Investigating division concepts at entry to school

Research output: Contribution to conferenceAbstractpeer-review

Abstract

It is often assumed that young children have no concepts of division before they are formally introduced to division at school. Our earlier research showed that many children achieve early multiplicative reasoning before it is formally taught (Cheeseman et al., 2020). The research question we sought to answer here was: What concepts of division do young children develop prior to school instruction? We conducted a teaching experiment study (Steffe & Thompson, 2000) with 21 children of 56 years of age who were 5 months into their first year of school in Australia. A dancing game elicited thinking about equal-grouping (composite) thinking that is at the core of multiplicative thinking. When the music stopped, a number would be called and everyone would get into a group of that number. In addition to classroom-based observation/video data, we analysed student’s drawn responses to a pencil-and-paper assessment protocol (Streit-Lehmann, 2019). The assessment consisted of six worded problems, three quotition division situations where children had to arrange objects into equal groups and count the groups; three partition division situations where children had to share all objects equally. Results indicate that many children (83%) could divide objects into equal groups and some could visualise division situations involving groups of a given size. Further, based on a detailed analysis of the responses of six children, results show that children could interpret stylised diagrammatic partitive (75% correct) and quotitive (100% correct) division contexts and add to diagrams to represent their solutions to worded problems. Our research shows that some young children develop concepts of division prior to school instruction in meaningful contexts. Furthermore, many young children can interpret, and successfully complete, iconographic representations of partition and quotition worded problems. These findings make a new contribution to the field and warrant further study of young children’s division concepts.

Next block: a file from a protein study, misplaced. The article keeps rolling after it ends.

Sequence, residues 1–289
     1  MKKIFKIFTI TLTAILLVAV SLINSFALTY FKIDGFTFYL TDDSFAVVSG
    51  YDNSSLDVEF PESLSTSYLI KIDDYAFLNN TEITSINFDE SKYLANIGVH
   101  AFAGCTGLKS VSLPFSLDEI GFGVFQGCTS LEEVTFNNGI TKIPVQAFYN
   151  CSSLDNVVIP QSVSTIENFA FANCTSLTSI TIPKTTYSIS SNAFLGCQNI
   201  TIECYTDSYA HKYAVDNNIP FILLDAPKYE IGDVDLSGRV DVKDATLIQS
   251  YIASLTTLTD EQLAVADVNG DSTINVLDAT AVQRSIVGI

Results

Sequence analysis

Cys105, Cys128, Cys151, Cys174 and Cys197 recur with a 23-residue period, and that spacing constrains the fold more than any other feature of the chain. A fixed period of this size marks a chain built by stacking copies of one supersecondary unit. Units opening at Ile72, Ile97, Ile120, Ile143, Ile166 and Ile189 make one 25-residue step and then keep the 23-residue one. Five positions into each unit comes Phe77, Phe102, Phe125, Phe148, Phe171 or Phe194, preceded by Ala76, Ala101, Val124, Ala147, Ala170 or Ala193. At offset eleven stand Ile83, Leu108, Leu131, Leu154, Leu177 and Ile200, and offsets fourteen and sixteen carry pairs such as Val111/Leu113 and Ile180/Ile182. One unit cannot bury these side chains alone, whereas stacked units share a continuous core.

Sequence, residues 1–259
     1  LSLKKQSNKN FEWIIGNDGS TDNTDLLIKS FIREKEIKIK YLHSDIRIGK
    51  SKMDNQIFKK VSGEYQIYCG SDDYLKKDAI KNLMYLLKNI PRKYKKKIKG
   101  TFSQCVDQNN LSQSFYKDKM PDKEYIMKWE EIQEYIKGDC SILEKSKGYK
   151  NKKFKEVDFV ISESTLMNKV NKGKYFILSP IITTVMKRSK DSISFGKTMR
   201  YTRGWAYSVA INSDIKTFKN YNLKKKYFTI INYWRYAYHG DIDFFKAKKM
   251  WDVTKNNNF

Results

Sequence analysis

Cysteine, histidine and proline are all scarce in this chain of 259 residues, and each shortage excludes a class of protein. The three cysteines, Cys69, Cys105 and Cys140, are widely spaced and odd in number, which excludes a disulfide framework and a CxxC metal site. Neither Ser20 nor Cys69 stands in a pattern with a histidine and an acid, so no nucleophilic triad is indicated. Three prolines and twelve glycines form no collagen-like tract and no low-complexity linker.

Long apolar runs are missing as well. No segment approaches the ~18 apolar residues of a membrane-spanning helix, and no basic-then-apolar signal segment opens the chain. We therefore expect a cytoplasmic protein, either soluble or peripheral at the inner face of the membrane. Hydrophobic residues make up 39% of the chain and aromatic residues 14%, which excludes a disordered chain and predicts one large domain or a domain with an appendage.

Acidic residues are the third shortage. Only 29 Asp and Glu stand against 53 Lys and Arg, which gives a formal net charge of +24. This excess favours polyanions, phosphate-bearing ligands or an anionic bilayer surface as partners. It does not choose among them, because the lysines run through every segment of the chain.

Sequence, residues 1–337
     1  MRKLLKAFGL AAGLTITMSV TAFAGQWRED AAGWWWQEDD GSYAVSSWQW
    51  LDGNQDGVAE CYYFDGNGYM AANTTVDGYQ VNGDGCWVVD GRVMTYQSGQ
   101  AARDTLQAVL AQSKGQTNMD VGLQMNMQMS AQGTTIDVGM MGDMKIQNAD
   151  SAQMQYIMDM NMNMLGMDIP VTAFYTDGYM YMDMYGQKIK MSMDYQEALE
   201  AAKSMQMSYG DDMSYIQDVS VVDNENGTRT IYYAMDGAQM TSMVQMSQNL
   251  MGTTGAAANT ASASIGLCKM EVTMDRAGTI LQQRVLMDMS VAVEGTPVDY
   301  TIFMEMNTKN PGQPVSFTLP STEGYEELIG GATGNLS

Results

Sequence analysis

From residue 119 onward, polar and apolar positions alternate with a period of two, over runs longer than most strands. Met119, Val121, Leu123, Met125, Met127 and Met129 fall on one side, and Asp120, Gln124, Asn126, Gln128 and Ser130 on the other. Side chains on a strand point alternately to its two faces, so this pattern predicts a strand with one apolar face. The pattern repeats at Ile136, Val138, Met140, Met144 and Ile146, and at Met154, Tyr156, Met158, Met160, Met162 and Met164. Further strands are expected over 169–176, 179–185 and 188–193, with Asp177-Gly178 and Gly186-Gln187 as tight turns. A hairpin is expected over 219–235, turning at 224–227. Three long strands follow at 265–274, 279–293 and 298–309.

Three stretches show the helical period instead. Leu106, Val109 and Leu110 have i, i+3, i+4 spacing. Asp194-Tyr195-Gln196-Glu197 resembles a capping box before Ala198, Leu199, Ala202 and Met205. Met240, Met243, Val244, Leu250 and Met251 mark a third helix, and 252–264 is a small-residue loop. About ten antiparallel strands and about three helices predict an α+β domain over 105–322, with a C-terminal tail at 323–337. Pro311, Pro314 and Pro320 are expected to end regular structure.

Original languageEnglish
Pages132
Number of pages1
Publication statusPublished - 2021
EventAnnual Conference of the International Group for the Psychology of Mathematics Education 2021 - Virtual/online, Khon Kaen, Thailand
Duration: 19 Jul 202122 Jul 2021
Conference number: 44th
https://pme44.kku.ac.th/home/

Conference

ConferenceAnnual Conference of the International Group for the Psychology of Mathematics Education 2021
Abbreviated titlePME 2021
Country/TerritoryThailand
CityKhon Kaen
Period19/07/2122/07/21
Internet address

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